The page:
Date: October 18, 2010
Title: Criticism of the Drake Equation
Podcaster: Diane Turnshek
Description: The Drake equation has been used to estimate the number of advanced alien civilizations in the galaxy. It does this by multiplying together several probabilities that are pretty easy to take an educated guess at. Some of these variables are the number of sun-like stars in the galaxy, and the number of planets out there that are the correct distance away from the star to potentially produce life. In this podcast, we explore the rationale behind many of the Drake equation variables, and discuss some criticisms and problems with the equation.
Bio: Rachel is a senior in Biological Sciences at Carnegie Mellon University. She enjoys studying genetics and learning about how gene expression is regulated. She has been fascinated by the night sky ever since evenings spent stargazing as a child. Since coming to Pittsburgh, she has been forced to come to terms with the evil that is light pollution and the problems it causes for stargazing.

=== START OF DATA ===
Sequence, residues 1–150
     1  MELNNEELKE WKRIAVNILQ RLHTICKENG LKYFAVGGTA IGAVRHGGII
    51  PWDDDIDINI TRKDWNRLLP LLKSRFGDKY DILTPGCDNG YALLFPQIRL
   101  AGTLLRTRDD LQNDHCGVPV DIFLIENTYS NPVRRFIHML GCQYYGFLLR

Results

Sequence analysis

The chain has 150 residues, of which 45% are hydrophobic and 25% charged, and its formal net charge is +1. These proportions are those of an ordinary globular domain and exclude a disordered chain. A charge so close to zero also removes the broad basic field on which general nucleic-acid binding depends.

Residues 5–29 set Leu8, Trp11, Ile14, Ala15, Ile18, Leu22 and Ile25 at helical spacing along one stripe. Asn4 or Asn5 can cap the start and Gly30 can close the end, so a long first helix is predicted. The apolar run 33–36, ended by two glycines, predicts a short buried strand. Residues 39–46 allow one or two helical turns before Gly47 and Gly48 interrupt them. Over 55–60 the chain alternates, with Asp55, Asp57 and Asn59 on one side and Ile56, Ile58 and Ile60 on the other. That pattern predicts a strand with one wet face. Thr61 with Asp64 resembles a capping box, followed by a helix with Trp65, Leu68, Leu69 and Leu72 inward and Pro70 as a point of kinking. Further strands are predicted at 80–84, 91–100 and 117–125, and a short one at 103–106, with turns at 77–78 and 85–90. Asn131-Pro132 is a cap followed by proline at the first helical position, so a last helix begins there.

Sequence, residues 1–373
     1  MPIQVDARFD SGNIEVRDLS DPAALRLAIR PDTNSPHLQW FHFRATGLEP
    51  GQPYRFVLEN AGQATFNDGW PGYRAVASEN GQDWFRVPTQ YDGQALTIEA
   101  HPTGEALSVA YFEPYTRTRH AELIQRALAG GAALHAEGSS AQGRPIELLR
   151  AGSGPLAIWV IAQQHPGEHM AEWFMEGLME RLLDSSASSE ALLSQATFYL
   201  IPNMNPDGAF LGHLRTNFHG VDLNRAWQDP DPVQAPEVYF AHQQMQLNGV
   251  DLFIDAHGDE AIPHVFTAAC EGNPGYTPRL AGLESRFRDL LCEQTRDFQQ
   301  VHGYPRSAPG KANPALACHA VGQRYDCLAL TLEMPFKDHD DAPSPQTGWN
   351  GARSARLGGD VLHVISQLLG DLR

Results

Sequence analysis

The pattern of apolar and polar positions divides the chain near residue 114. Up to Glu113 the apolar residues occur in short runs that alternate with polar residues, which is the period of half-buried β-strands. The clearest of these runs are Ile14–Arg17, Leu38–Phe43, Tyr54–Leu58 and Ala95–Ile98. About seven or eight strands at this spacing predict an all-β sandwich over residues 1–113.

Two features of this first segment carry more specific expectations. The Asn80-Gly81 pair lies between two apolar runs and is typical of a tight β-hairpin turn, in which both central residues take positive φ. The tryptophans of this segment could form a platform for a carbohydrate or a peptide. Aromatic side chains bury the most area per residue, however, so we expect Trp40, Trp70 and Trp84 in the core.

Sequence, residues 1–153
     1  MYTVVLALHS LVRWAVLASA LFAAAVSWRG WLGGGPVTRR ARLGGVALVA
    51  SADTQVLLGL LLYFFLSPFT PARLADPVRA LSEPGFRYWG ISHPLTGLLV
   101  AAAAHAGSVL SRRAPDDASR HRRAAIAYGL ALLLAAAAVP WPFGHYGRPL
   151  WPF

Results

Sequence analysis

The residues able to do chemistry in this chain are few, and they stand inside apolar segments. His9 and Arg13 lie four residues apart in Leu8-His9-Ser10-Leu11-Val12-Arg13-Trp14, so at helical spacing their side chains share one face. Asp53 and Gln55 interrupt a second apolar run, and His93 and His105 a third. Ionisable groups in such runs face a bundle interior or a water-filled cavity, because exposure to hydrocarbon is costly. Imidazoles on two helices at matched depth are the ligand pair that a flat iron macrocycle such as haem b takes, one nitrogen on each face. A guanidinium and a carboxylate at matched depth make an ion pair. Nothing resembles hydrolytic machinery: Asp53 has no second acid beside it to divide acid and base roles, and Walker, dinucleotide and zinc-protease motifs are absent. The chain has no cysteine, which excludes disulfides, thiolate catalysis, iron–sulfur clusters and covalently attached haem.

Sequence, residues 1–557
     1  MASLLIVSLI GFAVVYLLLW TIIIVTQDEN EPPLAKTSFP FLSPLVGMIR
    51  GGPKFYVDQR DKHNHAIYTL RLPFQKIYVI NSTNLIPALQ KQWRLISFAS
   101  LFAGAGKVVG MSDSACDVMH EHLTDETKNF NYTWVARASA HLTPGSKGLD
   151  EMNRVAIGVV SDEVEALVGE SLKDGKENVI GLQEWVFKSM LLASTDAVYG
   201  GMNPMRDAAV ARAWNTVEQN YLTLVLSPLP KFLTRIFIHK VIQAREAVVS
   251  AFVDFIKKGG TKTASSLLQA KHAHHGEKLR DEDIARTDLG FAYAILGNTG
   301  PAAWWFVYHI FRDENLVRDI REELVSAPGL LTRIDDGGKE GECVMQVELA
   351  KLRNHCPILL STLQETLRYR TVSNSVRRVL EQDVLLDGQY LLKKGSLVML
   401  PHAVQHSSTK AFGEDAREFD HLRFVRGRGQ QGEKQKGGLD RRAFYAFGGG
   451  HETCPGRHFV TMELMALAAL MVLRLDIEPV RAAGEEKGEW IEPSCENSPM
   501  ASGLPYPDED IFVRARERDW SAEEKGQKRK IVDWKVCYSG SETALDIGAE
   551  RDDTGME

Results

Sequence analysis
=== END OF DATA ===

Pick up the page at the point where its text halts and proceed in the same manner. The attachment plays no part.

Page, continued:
Adam is a senior in Biological Sciences at Carnegie Mellon University. He is currently studying the tiny and mysterious world inside of individual cells. He has many hobbies, including building potato cannons and playing guitar. He also has a great interest in astronomy, which leads him to look up at the sky with childlike wonder almost every night. Even though astronomy is the study of the very vast, Adam is more about exploring the unknown than the size of that unknown.
Today’s sponsor: This episode of “365 Days of Astronomy” is sponsored by the Physics Department at Carnegie Mellon University, located in Pittsburgh, Pennsylvania. Undergraduate and graduate students total 11,000. The University is a a leader in research, ranking second in Pennsylvania among Federal R&D contract recipients in 2009. The Mellon College of Science (Physics, Math, Biology and Chemistry) has an eight to one ratio of students to faculty. Through research and education, CMU astronomers hope to refine our understanding of the Universe.
Additional sponsorship for this episode has been provided by Alice Enevoldson.
***Transcript coming soon.***
End of podcast:
365 Days of Astronomy
The 365 Days of Astronomy Podcast is produced by the Astrosphere New Media Association. Audio post-production by Preston Gibson. Bandwidth donated by libsyn.com and wizzard media. Web design by Clockwork Active Media Systems. You may reproduce and distribute this audio for non-commercial purposes. Please consider supporting the podcast with a few dollars (or Euros!). Visit us on the web at 365DaysOfAstronomy.org or email us at info@365DaysOfAstronomy.org. Until tomorrow…goodbye.